• Being more fully aware of the issues and situations students are facing- both inside and outside the classroom- can help to create meaningful and supportive relationships. With the information gained from this research, plans to modify coursework as well as build in more time for students to feel a safe space for communicating, not only during advising, but throughout the semester are key takeaways. Implementing an open-door policy with students regarding their ability to contact resources on campus is an additional layer of support. Other recommendations include helping students to not only be aware of campus resources, but also, how, and where to access them, normalizing self-advocacy and self-care, and building time into the semester to help students navigate the shift and pivot in course delivery options post pandemic.

  • Working with the community to identify and provide resources that perhaps a university cannot provide or work to build mutually beneficial relationships with community agencies and businesses is another step in building strong and sustainable mental health support systems for students. Building meaningful connections with students is vital. Office hours in a variety of formats, recommending events, resources, and groups to students; providing encouragement and time in courses for a sense of belonging and community, and building meaningful content into courses are ways to use this research and support all students.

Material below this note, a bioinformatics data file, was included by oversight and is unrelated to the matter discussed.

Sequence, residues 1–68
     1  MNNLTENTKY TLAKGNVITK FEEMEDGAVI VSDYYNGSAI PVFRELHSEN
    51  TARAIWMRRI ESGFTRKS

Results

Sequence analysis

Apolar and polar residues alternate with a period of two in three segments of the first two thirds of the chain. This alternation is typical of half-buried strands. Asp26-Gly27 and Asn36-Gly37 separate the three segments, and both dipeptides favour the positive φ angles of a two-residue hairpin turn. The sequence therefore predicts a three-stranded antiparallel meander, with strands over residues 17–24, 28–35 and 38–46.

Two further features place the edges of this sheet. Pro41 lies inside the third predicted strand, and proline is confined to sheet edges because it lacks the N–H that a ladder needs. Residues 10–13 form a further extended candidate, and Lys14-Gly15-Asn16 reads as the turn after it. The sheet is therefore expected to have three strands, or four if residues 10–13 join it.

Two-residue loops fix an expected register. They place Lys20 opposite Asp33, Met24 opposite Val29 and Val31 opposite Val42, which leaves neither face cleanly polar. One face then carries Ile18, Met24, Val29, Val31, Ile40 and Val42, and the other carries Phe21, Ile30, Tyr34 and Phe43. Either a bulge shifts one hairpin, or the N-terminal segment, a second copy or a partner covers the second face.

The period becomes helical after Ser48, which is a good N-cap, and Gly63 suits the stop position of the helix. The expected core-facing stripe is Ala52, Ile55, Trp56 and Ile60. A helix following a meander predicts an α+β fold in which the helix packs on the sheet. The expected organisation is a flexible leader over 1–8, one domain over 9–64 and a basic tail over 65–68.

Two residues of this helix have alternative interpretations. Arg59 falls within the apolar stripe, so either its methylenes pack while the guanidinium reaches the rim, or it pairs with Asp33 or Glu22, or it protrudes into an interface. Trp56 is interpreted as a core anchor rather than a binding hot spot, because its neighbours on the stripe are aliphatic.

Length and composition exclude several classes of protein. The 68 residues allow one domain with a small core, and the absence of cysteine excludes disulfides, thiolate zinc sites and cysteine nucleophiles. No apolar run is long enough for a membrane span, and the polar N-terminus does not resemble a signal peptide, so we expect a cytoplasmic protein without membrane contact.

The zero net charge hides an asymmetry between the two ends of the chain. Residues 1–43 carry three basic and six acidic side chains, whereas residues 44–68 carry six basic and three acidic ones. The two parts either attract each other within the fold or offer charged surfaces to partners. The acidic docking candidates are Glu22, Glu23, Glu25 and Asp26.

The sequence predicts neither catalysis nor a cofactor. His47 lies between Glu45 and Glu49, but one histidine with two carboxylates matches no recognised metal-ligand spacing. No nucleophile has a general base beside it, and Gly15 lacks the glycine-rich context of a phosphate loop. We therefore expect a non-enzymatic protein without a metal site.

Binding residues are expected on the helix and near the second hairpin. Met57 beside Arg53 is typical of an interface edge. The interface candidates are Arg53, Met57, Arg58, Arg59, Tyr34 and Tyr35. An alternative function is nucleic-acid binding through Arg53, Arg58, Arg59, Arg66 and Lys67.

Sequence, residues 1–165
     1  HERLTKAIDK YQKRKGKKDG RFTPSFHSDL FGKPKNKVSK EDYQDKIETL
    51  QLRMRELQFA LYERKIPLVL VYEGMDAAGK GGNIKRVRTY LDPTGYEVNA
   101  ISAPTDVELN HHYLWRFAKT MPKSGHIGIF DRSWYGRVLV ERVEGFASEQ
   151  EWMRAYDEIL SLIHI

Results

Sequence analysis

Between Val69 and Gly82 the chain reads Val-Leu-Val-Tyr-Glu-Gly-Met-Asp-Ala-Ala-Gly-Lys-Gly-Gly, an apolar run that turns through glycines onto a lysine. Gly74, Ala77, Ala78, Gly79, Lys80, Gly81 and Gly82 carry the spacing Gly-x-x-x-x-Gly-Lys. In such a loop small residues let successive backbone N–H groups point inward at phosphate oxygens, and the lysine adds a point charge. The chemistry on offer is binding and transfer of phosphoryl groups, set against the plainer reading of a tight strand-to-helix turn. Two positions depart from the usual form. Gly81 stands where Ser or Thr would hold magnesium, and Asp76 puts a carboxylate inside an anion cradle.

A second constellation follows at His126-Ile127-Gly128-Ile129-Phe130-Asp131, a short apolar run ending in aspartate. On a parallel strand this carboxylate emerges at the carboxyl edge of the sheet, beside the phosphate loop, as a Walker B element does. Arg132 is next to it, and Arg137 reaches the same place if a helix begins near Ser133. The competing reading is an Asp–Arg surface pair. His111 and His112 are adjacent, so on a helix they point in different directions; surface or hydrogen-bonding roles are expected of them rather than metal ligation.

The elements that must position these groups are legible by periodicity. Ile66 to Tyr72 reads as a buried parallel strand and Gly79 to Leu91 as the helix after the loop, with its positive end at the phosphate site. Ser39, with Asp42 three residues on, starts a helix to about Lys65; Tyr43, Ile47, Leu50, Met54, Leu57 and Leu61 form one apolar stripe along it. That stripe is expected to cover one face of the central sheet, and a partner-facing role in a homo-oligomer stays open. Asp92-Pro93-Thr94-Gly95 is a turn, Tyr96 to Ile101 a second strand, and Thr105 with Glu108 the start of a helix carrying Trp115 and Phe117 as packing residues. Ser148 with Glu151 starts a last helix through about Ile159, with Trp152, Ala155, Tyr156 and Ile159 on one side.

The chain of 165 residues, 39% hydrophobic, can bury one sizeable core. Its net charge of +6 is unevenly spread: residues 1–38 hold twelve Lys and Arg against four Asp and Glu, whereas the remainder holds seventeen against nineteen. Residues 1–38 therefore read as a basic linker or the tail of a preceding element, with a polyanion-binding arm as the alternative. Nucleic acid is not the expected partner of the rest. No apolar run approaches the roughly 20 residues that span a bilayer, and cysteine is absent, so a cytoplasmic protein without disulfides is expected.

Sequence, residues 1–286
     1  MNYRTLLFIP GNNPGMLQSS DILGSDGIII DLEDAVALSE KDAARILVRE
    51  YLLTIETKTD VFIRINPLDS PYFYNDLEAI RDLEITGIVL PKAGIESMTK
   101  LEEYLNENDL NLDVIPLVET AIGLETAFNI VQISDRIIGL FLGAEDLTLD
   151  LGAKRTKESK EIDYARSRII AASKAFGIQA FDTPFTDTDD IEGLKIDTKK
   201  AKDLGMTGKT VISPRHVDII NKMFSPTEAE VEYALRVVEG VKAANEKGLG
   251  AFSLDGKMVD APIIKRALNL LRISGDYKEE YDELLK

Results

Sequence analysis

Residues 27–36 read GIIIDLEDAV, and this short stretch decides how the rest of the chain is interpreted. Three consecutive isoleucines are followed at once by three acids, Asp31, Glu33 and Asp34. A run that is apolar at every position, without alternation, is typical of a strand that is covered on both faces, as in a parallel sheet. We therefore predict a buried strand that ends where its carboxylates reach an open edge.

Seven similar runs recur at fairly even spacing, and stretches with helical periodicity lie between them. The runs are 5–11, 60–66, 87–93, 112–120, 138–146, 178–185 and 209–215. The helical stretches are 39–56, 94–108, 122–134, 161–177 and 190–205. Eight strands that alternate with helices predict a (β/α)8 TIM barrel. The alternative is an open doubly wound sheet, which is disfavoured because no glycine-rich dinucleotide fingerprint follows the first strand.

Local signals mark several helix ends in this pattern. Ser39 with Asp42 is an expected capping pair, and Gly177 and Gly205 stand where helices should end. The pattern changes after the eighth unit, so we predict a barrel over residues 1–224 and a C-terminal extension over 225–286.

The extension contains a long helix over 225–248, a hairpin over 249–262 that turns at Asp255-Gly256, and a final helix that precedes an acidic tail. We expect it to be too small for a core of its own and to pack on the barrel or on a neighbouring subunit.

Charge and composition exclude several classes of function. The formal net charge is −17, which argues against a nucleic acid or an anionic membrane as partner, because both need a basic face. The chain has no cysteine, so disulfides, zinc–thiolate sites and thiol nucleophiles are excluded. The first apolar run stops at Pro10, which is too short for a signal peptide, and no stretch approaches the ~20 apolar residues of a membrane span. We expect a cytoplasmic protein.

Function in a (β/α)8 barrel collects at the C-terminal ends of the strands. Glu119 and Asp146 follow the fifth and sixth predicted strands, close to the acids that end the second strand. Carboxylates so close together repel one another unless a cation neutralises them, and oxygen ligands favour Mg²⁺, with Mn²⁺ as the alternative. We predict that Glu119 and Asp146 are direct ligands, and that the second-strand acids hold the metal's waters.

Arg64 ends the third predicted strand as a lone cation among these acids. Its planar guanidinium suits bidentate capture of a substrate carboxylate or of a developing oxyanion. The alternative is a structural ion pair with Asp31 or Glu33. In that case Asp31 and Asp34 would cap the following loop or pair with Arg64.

• Campus mentors can provide possible connections for students with people in similar situations and circumstances as well as accessing and maintaining lists of appropriate and affordable housing, food resources, and mental and physical health resources that can be shared with all faculty and staff. This information can then be shared with students in meaningful and safe ways; paying attention to those who may not have transportation, access, or the capacity to seek and use resources without support.